Review of Real Estate Crowdfunding

Real Estate Crowdfunding Adviser

Investor lawsuits fly against Realty Shares and MG Capital; New “Offer Lottery” feature of the New CrowdStreet.

February 2020 Study of Real Estate Crowdfunding Review

(Disclaimer: I am an investor expressing my personal opinion and not a registered financial advisor, attorney or accountant. Consult with your own financial professionals before making any financial decisions.)

Class action case for Realty Shares

Crowdfunding platform RealtyShares ran out of cash in 2018 for funding their activities and shut down for new real estate investors. At the time current investors were told they would continue operations as planned. RealtyShares then announced that the older investments would be taken over by a third-party company to potentially ensure a smooth transition.

Quick jump to 2020 and now creditors are filing a class action lawsuit against RealtyShares claiming breaches of securities. There are two parts over the lawsuit:

  1. An Ingersoll Financial, LLC (the “Nationwide SFR Package”) debt contract in 2016
  2. A 2018 debt deal that loans to Franchise Growth, LLC, including a loan in Kentucky involving a Church’s Chicken.

It alleges that the firm caused undue damages to investors because it had failed to provide sufficient due diligence to substantiate the reported “track record” or “extensive experience” of Franchise Growth. It also claims that loans were not distributed by inspection-verified draws (and instead distributed at once in a much riskier transaction) in the industry standard method of protecting creditors.

If and when Realty Shares issue a comment to the public on this, it will be published here.

MG Capital case (Not to be confused with MG Properties Group or MLG Capital)

Lamorna Capital says that they spent $1 million in MG Capital Fund III and never received any rental payments, according to a case filed with the New York Supreme Court.

They further assert that the alleged track record of MG Capital has been falsified, stating that Fund I was not a real fund, no fundraising actually took place in relation to Fund I and Fund II, and Funds I and II followed an unknown investment strategy that was significantly different from the strategy followed in Fund III.”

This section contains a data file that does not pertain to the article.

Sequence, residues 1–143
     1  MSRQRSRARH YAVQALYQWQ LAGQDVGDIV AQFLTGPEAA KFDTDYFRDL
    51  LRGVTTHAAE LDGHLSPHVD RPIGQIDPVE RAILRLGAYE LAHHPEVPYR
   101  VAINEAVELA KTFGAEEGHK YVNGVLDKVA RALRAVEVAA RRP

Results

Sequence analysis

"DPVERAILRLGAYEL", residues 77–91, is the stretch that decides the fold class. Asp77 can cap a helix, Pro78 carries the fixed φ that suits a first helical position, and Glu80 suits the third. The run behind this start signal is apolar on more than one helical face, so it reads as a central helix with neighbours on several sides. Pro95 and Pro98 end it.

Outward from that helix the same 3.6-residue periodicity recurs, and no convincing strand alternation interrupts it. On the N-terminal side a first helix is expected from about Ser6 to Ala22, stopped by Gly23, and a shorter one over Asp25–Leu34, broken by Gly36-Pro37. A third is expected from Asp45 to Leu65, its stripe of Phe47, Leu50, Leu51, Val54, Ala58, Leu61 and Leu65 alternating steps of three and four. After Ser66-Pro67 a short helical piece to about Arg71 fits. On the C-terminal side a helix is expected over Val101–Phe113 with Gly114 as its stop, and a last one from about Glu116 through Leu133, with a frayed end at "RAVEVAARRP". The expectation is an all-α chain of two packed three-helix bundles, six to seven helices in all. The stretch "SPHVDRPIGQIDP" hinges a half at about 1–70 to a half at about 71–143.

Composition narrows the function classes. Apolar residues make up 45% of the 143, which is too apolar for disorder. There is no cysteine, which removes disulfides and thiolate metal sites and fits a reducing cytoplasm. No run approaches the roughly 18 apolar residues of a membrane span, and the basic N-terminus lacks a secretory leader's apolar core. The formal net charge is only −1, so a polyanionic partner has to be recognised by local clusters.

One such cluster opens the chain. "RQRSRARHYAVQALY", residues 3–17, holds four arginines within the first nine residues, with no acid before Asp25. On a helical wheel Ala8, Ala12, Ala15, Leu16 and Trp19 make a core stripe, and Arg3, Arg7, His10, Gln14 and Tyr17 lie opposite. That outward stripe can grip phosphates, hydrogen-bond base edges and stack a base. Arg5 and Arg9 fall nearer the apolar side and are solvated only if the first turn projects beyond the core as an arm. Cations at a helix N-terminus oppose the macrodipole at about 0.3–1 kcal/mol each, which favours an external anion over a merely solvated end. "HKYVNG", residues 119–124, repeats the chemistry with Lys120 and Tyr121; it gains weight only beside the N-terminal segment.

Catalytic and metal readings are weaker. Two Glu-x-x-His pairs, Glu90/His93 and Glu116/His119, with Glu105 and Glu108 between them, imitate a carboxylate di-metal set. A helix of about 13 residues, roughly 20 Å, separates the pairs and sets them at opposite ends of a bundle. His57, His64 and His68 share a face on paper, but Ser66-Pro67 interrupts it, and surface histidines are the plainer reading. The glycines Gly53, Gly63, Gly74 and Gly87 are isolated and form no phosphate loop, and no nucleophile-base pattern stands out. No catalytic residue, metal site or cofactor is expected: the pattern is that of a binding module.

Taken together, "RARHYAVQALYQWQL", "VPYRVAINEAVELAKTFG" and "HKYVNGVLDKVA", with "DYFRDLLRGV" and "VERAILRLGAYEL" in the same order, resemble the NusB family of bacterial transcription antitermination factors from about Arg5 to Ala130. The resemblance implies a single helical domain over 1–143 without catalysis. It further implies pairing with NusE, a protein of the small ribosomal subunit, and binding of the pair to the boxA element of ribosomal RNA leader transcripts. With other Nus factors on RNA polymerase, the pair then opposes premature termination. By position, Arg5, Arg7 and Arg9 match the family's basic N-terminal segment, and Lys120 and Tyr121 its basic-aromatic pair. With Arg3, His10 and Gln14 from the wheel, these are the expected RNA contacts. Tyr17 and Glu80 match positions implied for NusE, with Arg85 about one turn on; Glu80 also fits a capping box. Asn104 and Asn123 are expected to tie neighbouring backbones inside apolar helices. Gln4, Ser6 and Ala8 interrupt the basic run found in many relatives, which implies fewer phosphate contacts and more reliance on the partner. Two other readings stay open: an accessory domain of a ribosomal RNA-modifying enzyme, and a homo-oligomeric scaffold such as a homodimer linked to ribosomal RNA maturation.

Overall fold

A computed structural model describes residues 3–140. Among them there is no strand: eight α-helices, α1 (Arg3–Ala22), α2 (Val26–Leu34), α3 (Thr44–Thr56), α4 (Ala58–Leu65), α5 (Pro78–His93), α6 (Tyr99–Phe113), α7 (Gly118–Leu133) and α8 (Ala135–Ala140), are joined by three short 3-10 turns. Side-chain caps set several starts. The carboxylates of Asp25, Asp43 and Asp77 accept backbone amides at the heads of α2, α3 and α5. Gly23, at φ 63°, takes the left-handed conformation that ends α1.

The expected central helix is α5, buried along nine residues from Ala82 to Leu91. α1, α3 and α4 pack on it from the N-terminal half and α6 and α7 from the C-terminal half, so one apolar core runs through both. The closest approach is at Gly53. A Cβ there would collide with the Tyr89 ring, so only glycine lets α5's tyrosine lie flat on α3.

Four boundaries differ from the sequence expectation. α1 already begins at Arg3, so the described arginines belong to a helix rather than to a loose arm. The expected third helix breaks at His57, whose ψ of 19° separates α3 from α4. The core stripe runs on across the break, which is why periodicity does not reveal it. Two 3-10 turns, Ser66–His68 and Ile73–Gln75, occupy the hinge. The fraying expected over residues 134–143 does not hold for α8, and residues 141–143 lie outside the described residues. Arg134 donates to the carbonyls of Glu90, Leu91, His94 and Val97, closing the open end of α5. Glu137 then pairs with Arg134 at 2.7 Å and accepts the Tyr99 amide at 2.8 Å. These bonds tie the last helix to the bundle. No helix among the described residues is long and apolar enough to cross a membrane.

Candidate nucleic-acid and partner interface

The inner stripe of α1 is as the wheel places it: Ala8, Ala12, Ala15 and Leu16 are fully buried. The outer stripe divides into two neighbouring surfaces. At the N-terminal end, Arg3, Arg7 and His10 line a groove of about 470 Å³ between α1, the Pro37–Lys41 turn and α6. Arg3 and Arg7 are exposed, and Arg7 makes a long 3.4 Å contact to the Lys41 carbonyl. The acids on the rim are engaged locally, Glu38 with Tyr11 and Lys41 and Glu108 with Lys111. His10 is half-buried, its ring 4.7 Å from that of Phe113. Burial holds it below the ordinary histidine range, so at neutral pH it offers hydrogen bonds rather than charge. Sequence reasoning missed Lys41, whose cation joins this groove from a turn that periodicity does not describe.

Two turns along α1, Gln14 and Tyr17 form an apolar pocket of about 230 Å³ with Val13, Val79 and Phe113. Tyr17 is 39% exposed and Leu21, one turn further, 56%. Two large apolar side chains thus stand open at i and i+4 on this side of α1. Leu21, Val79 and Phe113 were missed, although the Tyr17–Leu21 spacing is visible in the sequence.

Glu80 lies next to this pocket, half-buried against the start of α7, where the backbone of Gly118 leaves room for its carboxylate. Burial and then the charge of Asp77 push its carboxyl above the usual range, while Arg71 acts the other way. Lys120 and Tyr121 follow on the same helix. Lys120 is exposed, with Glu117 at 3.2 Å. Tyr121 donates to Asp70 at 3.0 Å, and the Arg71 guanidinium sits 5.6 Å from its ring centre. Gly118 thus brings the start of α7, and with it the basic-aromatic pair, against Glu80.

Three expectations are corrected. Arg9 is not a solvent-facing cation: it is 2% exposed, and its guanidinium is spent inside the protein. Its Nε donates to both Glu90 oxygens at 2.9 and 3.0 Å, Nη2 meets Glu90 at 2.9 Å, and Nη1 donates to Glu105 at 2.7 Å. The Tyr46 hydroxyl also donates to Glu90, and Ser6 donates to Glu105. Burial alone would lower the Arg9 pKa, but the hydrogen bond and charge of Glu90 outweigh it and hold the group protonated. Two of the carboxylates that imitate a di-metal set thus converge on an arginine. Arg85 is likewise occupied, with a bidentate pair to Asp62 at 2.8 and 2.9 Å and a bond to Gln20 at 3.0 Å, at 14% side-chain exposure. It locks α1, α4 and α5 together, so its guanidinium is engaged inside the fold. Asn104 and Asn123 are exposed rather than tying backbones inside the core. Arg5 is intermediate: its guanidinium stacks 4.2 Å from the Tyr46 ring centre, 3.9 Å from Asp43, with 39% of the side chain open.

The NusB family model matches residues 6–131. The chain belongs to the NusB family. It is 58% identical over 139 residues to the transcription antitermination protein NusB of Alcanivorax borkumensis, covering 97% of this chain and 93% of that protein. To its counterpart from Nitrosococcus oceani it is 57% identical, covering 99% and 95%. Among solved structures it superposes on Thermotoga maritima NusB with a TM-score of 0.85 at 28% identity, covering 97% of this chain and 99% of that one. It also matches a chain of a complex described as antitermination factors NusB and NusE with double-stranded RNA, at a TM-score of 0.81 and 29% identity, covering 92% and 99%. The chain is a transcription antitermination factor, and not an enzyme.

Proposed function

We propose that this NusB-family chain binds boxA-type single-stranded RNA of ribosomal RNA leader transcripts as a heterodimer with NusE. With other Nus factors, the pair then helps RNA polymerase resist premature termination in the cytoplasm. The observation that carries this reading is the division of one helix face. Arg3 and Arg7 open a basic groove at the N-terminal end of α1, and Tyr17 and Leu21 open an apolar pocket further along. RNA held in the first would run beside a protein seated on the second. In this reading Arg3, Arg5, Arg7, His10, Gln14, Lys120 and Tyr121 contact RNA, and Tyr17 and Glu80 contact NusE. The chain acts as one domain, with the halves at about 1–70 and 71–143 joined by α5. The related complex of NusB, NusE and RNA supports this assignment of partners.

They also say that audited results were not recorded in 2014, 2015 2016, the fund engaged in a manipulative effort to rollover Fund III investors into Fund IV to prolong their lock-up and several other allegations.

Though I can’t confirm or deny the following directly, some of their investors additionally claim:

  1. The CEO of MG Capital will no longer be with the company, and an acting CEO may have been instated.
  2. MG Capital may prematurely liquidate both MG Capital Fund III and MG Capital Fund IV and investors say that they are afraid of major losses.
  3. MG Capital could be under criminal investigation by the authorities.

It will be mentioned here if and when MG Capital makes a public statement about this.

New Crowd Street “Offer Lottery”

Investors say Crowd Street is experimenting with a new feature on smaller deals that it calls the “offer lottery.” They argue that the way it operates is that only specially chosen investors are allowed to view the bid, and then they have to decide to invest or not just 24 hours after the webinar. They are put into a lottery if they want to continue and can only invest if they win.

It could be an interesting and exciting way to invest for reliable, aggressive investors to invest with little or no due diligence.

Investors who put in a reasonable amount of due diligence may be significantly put off by the possibility that they might invest all that time and energy, genuinely like the offer and then not be able to invest.

And cautious investors who might spend weeks or a month thoroughly investigating a new sponsor and/or a single offer seem unlikely to be able to accept this kind of time-constraint and the prospect of a lottery system that eventually prevents them from investing in all their due diligence.